After covering her love of horses, dream of becoming a brain surgeon, or her collection of porcelain elephants, we never failed to have the Tiara-ed-one play straight to Hope’s self-deprecating AARP-ster in an exchange like this:

QUEEN: Gee, Mr. Hope, you look so young for your age. How do you do it?

HOPE:  Well, I eat well, get plenty of exercise and I have a makeup man who has a summer home in Lourdes.

Next up would be a Christmas-themed sketch.
  The year George Lucas propelled Star Wars across America’s movie screens, we couldn’t pass up an opportunity to spoof it. Our version, entitled "Scar
Wars," starred Olivia Newton-John as Princess Hialeah, Perry Como as Luke Sleepwalker, and Hope as Barf Vader.

The epic would recount the abduction of Santa Claus, complete with his sled and reindeer, literally gobbled up by Vader’s space vehicle. (We ordered a small model of a space ship with a set of iron jaws in the front from the prop department.)

The Princess learns of the kidnapping and million-dollar ransom demand at Space Police Headquarters by phone — “If you speed, we can clock it, ’cuz we have a cop in an unmarked rocket!”

Her deputy, Luke, challenges Barf to show up in person to collect the money. Hope says, “You’ll never catch me, you cosmic creeps!” Perry says, “That’s easy for
you to say ten million miles away, but you’d never say it to my face!”

(Hope, dressed in a sinister-looking black leotard with a
cape and wearing a Darth-like mask, crashes through the

HOPE: Sorry I’m late. The traffic was nose cone-to-nose cone!

(Music up: “You’re the Top”)

HOPE: I’m the pits!
I’m an Edi A-meanie!
I’m the pits!
I am cold linguini!
I’m a lunar louse,
Who will tear your house to bits!
’Cuz, baby, I’m Barf Vader!
I’m the pits!

(He turns his back to the camera, and we see printed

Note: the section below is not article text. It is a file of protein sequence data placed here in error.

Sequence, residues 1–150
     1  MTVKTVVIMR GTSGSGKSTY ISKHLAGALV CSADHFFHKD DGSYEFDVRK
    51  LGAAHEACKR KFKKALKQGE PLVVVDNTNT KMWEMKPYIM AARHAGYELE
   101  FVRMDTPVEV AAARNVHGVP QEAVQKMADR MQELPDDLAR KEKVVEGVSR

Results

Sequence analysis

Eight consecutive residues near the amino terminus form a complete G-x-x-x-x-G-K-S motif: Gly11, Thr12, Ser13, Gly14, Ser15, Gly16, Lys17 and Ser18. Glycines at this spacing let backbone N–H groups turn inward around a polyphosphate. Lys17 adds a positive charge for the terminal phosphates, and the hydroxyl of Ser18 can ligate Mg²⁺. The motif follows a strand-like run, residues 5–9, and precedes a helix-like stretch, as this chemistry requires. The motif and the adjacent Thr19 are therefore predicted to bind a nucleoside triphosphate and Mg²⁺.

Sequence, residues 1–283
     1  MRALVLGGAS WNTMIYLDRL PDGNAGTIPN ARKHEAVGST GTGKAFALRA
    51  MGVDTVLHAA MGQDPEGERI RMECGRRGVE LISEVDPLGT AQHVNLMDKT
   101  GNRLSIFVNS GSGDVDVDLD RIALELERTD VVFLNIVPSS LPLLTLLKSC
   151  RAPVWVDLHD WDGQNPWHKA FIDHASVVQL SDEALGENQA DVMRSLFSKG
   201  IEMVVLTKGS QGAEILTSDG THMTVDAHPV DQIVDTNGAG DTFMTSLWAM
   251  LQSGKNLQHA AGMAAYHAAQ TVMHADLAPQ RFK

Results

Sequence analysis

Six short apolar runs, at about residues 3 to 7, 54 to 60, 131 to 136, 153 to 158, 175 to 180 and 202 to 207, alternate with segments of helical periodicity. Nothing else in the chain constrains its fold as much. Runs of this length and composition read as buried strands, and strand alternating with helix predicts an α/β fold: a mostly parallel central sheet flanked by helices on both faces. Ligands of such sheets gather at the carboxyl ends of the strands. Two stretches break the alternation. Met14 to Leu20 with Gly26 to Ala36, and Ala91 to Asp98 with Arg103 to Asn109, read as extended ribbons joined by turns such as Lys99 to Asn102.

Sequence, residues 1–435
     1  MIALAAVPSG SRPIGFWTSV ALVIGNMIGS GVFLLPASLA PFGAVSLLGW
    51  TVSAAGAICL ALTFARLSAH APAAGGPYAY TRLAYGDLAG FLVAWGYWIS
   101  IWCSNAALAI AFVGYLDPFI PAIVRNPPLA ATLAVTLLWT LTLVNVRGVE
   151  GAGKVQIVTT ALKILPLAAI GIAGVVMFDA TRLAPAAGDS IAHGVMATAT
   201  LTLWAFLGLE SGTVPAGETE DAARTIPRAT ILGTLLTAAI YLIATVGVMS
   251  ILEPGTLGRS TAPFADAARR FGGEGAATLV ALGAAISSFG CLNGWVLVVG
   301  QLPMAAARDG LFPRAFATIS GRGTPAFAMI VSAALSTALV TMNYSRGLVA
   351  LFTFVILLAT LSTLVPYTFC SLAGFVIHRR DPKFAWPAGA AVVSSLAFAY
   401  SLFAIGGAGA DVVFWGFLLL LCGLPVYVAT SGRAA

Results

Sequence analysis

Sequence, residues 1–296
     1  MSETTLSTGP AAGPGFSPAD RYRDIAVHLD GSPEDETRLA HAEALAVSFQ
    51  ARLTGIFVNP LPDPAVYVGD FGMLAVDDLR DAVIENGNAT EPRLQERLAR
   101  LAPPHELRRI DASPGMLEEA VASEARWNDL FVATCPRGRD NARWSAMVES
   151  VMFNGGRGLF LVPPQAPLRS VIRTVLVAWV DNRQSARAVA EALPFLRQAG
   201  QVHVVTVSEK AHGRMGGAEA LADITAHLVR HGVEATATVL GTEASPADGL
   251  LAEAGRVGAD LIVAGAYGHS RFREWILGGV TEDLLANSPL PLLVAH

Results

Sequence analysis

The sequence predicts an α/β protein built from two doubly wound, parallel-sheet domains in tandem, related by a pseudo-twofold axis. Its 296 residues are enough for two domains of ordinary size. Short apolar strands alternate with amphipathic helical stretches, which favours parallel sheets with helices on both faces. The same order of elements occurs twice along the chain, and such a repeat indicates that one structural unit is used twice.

across his cape: HONK IF YOU LOVE ROTTEN.)

Princess Hialeah introduces her sister, the grossly obese Princess Gluttonia, who waddles over to Perry and attempts to kiss him. Perry sings: It’s impossible, to get my arms around you, it’s impossible... (Can you believe the depths to which we would stoop to collect ASCAP royalties?)

Following some swordplay with our version of light sabers called "Life Savers," and the announcement by Barf that he now has an even more powerful weapon than The Force, called the credit card force (Did we run
out of gas on this one or not?), the festivities conclude with the arrival of the real Luke Skywalker, Mark Hamill, accompanied by some burly, uniformed Los Angeles cops. They cuff Barf and lead him off.

“What’s the charge?” asks Hope.

“Public defacement of a marvelous movie!” says Hamill.
After watching this sketch, we were on the verge of calling Hope’s lawyers to bail us out of jail; but luckily, Mark was only kidding and the cops were extras. But why take a chance?

Just a year later, Hope would emcee the fiftieth Academy Awards presentation at the Dorothy Chandler Pavilion (on which we got writing credit). Standing beside Fred Astaire, Jack Nicholson, Natalie Wood,
Kirk Douglas, Greer Garson, Joan Fontaine, Barbara Stanwyck and William Holden, Hope delivered this opening line:

“Welcome to the real Star Wars.”

Hope had introduced the classic “Silver Bells,” the Jay Livingston and Ray Evans classic, in the movie "The Lemon Drop Kid" and he sang it on every Christmas special — in a different setting — with duet mates ranging from Olivia Newton-John, Katherine Crosby, Loretta Swit, Bonnie Franklin and Melissa Manchester to Winona Judd, Reba McEntire, Dolly Parton, Marie Osmond and — whenever the featured female guest was tone deaf — his wife, Dolores.

This holiday format -- virtually unchanged from year-to-year -- held Hope in good stead for over forty TV seasons, and despite the onset of his declining health in the early nineties, NBC continued airing some sort of Hope Christmas special until 1994 when he took down the holly and the mistletoe for the final time, leaving no doubt that he had become an integral part of Christmas for millions of Americans.

Excerpted from THE LAUGH MAKERS: A Behind-the-Scenes Tribute to Bob Hope's Incredible Gag Writers (c) 2009 by Robert L. Mills and published by Bear Manor Media:  .  The book was chosen by Leonard Maltin as a “Top 20 Year-End Pick“ for 2009.  FREE sample chapters can be read at:  :
Order online at:

Also available in an unabridged audio version read by the author:

FREE excerpts at:



Web Site: Bob Hope Backstage: Have Camera Will Travel